Beloved, we cannot simply depend on our conscience to be our guide. Our conscience is seared with sin. Our conscience is never going to tell us the “acceptable and perfect will of God.” Our conscience is weak, and it must always be sifted through the pages of scripture where the Holy Spirit is able to properly instruct us. Our proper respect for the focus of worship does not come from our daily, worldly experiences; it comes from the testimony of God’s Word as it has affected our lives. To perfectly reflect an attitude of worship we must turn to God’s Word, and not to the practices of the world. To pointedly reject any hindrance to worship we must allow the Spirit to work in our hearts through the pages of Scripture, rather than take our direction from the ways of the world.

Conclusion

Have you in any way conformed to the patterns of the world? Does the world’s language come out of your mouth? Do you, as the youth of the church, participate in worldly practices such as dances and rock concerts? Does anyone here participate in these things?

What do you make of the revealing clothes worn by many women in the world today? Men don’t know where to look any more because the clothes worn are too tight and revealing. Is this the way that you present your bodies as living sacrifices to God? Is it a holy and pleasing sacrifice? Is it an expression of your thankfulness to God? Is it winning your neighbors for Christ? Are we as parents to these covenant children, monitoring the dress of our children? Do we ourselves do anything that contradicts our faith in God and thus our worship of Him?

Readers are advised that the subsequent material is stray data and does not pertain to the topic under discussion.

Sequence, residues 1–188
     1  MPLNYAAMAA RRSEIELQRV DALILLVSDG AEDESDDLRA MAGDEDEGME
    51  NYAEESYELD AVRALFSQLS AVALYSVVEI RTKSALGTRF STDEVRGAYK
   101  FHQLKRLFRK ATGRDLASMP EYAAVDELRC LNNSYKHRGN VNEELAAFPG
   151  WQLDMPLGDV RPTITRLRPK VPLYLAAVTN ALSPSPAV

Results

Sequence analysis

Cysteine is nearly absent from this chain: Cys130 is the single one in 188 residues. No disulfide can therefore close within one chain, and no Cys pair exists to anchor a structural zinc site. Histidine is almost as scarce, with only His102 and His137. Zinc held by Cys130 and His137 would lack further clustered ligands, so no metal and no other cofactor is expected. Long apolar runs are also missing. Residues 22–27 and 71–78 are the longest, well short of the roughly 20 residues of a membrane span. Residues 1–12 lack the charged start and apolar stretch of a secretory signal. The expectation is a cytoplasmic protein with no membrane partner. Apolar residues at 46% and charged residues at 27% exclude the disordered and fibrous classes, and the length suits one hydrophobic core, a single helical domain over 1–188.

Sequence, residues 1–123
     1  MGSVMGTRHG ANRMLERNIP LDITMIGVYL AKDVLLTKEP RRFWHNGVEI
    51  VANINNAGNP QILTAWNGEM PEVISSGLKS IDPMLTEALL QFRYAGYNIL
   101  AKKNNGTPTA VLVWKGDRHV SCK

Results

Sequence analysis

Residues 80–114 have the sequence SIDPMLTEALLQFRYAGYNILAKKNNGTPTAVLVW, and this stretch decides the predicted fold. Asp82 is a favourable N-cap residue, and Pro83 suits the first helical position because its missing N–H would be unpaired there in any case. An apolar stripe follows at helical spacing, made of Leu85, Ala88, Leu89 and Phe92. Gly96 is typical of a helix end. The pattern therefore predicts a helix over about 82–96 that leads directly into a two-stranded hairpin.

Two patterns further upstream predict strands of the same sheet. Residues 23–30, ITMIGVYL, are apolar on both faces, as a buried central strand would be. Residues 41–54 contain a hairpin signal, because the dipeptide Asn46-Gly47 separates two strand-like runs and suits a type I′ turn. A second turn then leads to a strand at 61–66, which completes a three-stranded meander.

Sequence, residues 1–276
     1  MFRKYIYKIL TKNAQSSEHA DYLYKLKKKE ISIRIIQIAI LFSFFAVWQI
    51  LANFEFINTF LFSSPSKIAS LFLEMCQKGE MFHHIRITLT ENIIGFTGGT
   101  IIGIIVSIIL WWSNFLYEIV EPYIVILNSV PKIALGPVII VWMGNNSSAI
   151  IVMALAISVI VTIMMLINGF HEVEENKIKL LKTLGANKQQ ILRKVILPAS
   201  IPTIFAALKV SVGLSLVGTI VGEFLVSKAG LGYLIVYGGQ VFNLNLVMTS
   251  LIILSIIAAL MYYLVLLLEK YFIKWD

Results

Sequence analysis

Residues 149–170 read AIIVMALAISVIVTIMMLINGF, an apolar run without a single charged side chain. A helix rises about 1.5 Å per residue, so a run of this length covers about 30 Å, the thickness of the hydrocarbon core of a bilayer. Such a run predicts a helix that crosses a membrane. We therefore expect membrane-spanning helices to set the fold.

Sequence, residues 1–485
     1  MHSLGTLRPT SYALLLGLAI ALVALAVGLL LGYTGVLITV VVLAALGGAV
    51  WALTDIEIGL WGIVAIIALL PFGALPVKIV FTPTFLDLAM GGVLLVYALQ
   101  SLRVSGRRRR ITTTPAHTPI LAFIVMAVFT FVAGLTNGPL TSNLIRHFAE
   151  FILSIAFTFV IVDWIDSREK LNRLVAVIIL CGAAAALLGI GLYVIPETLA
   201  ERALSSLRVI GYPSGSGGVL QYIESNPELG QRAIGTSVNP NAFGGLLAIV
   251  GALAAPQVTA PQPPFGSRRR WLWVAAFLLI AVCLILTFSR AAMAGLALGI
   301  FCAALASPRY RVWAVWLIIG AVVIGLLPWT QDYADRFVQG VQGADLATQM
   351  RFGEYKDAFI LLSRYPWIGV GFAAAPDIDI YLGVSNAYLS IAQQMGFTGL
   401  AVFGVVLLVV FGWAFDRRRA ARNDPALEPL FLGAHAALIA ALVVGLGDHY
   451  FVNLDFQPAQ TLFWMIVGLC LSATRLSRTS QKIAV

If so, then may we turn from these practices, and may we instead glorify God in all that we say and do. May we never be conformed to the world’s pattern but may we always be transforming. This is our spiritual act of worship. You know, it is amazing what that transformation will bring. It will bring blessings. It will bring joy. It will bring an understanding.

You will have that God-given ability of discernment. Giving in to the world and to the things that the world’s practices only muddies the waters. Nothing is clear and it only gets worse, because you have lost that inner guide that leads you back to the Word of God where you are made to acknowledge your sin; where the glory of your salvation is proclaimed. That glory is there on every page of Scripture, and that glory transforms lives — even lives that have professed a faith in Christ. Being transformed by the renewing of your mind, as you are engaged with the mighty Word of God, will make you able to test and approve what God’s will is — His good, pleasing and perfect will. Isn’t that a better way to go than to always be changing with the times? Find your rest in the Word of God, that Word that speaks of our Lord and Savior Jesus Christ. May that not only be the desire of your hearts, but may it also be the reality of your lives as you continue on in His service, for it is an expression of your thankfulness as you live before the world. The Scripture declares that no unchaste person, idolater, adulterer, thief, covetous man, drunkard, slanderer, or any such as these shall inherit the kingdom of heaven. Amen.